Ana worked on several PJIL initiatives, including managing the Louisiana Jail Standards project and supporting the development of the National Resource Center for Correctional Oversight. Prior to joining PJIL, Ana worked at the Board of Correction, a civilian oversight body that monitors and regulates conditions of confinement in New York City jails. At the Board, Ana designed monitoring and evaluation systems to assess the Department of Correction’s response to the COVID-19 pandemic, use of restrictive housing units, and young adult housing strategy. Before becoming an oversight practitioner, Ana worked as a program manager at the Armed Services Arts Partnership, a non- profit organization that provides free art and comedy classes to veterans, service members, military families, and caregivers. She holds a B.A. degree from the University of Chicago and a Master of Arts degree from Columbia University.

  • Image of Benny Hernandez, PJIL graduate researcher.

    Benny Hernandez III

    Benny Hernandez III is pursuing his Master’s in Public Affairs with a focus on correctional oversight and urban and state affairs. He has substantial public policy experience on the international, national, and local levels of government, working with the Houston Mayor’s Office on gang issues and with the Texas Civil Rights Project, the ACLU of Texas, and the Texas Criminal Justice Coalition on criminal justice reform.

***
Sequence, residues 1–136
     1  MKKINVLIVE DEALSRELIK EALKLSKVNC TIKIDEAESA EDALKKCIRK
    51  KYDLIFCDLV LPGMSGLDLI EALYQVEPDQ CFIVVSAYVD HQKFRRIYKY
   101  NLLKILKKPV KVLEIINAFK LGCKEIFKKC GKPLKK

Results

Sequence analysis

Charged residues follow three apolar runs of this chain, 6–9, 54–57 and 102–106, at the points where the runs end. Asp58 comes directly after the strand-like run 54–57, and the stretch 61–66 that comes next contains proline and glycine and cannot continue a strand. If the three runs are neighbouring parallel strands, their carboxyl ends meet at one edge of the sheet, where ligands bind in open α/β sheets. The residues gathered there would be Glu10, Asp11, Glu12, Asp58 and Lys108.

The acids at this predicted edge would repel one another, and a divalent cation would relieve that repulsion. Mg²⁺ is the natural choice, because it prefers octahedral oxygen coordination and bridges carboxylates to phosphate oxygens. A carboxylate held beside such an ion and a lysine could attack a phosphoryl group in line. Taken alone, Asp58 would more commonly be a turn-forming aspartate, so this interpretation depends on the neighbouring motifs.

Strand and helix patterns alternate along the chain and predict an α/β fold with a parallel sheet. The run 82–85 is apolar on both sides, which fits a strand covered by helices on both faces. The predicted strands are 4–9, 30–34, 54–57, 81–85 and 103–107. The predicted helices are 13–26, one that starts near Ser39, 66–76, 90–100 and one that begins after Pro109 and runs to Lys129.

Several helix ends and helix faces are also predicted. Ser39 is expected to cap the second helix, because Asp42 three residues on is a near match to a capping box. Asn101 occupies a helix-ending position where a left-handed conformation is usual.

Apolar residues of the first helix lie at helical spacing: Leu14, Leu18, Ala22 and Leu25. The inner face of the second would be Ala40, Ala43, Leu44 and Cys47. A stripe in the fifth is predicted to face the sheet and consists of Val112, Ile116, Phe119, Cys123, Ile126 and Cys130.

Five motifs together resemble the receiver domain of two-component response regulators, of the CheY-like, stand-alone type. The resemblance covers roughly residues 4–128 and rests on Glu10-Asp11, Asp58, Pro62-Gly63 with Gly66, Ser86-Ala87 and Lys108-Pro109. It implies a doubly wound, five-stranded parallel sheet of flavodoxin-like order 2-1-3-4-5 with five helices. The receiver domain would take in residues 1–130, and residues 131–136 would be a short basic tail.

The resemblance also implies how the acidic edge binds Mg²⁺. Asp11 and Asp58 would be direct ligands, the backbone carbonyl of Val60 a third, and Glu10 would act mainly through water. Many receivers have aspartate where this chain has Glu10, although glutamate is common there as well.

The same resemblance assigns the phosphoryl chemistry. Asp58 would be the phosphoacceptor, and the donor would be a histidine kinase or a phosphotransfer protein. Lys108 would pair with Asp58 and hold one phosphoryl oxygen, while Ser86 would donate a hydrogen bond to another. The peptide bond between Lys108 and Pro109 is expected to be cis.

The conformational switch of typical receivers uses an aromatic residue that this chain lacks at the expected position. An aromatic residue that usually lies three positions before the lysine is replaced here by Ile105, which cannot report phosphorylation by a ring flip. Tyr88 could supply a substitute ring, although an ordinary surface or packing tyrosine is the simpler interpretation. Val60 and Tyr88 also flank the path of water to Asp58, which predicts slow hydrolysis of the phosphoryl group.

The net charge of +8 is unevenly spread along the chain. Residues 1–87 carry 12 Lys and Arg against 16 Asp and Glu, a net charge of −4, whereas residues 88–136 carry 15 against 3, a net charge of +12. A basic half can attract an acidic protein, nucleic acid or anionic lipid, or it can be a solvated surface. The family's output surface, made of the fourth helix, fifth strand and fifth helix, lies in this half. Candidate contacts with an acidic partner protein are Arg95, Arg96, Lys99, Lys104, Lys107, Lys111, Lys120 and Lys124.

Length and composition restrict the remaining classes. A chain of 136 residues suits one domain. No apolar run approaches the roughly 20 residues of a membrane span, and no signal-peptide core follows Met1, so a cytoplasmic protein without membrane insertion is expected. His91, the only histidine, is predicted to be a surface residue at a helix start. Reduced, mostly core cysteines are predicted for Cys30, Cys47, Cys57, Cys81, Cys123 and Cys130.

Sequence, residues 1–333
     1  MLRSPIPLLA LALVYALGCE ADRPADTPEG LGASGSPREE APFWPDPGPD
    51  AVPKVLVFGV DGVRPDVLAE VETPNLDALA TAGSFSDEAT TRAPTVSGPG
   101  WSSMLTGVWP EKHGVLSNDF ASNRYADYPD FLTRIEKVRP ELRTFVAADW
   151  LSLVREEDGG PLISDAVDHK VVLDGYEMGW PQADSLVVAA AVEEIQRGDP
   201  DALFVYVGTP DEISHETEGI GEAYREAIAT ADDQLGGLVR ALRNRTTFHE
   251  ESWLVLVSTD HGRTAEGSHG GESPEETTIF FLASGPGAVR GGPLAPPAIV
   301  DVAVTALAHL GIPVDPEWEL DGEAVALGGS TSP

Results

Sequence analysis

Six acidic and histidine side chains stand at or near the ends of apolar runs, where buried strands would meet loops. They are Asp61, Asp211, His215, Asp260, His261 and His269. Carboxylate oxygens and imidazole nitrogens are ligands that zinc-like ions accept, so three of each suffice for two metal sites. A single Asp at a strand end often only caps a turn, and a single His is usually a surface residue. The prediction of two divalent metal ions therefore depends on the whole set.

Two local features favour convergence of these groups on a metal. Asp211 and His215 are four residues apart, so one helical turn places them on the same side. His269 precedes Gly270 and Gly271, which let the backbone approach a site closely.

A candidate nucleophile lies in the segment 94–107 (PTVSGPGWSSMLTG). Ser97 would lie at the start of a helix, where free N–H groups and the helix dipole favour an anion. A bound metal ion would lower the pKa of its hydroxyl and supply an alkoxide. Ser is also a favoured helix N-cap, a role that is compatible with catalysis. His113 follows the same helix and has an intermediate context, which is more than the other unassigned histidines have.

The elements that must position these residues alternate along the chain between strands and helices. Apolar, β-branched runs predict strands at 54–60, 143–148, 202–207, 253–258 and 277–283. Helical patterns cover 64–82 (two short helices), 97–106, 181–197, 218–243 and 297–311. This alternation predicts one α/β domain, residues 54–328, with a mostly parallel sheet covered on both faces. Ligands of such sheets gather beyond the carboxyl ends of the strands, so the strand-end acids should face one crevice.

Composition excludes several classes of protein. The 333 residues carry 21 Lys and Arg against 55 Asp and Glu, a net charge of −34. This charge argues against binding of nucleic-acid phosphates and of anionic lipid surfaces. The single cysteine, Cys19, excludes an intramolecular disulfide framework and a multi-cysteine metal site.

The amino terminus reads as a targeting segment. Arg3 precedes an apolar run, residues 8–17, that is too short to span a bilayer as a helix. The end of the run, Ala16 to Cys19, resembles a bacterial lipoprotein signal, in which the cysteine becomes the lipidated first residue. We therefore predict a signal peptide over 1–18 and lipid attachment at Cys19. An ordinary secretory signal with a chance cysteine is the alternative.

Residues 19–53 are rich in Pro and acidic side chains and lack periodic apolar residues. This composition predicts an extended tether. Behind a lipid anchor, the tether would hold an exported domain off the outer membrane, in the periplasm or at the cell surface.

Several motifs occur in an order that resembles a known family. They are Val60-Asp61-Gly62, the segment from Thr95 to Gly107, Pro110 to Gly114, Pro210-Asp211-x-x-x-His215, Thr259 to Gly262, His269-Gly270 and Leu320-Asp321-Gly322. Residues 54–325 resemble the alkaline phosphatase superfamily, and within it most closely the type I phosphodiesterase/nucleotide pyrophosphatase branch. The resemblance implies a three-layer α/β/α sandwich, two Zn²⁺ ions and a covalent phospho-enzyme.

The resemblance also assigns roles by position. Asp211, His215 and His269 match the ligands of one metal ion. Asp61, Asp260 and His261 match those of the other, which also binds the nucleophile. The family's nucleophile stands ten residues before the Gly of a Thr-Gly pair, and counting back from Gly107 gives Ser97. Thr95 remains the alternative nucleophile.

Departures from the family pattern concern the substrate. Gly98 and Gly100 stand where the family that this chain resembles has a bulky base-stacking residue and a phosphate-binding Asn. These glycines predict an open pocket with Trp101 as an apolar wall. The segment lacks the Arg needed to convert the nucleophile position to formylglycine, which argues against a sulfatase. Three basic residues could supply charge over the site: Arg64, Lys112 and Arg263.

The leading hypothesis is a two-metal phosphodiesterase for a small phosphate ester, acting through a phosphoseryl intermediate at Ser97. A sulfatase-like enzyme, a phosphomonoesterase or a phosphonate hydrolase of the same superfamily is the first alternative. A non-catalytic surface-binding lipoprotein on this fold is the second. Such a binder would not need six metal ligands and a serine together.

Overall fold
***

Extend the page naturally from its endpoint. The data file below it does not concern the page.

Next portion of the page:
Benny brings his mass incarceration lived-experience to PJIL. Benny’s parents cycled in and out of prison when Benny was a child, and he became homeless and dropped out of school. He developed a substance use issue, leading to his own incarceration in a youth prison in Texas, and later, in the Texas Department of Criminal Justice (TDCJ). He knew that education was the key to escaping a downward spiral, so he earned his associate and bachelor degrees, graduating summa cum laude, while serving ten years in prison.

    Outside of his work with PJIL, Benny is developing a project called Street Politicking. His vision is to increase political participation in communities that have been directly impacted by mass incarceration.

  • Alexi Jones headshot.

    Alexi Jones

    Alexi graduated from the LBJ School of Public Affairs in May 2023. She received her B.A. from Wesleyan University in 2017, where she volunteered as a tutor with the Wesleyan Center for Prison Education. Prior to graduate school, Alexi worked as a policy analyst at the Prison Policy Initiative. While at the Prison Policy Initiative she authored national reports about the overuse of jails in the United States, the importance of not excluding people convicted of violent offenses from criminal justice reforms, the rates of correctional control in each state, and the high price of phone calls from jails. At PJIL, Alexi worked to analyze COVID-related deaths in correctional settings and conducted research for other large-scale projects.

  • White woman with blond hair smiling at camera on beige background in a black blazer, white shirt, and gold necklace, headshot of Crystal Kimbrough

    Crystal Kimbrough

    Crystal is a MPAff student at the LBJ School. She earned her B.A. in Psychology from St. Edward’s University. Before coming to LBJ, Crystal worked in the racial equity consulting space. She is passionate about social justice with an emphasis on equity and transparency within the criminal justice system. At PJIL, she analyzed data on serious incident reporting in jails across Texas. In 2020, she helped to co-author the Racial Inequities and Institutional Racism report for the City of Austin Equity Office and the Austin Police Department.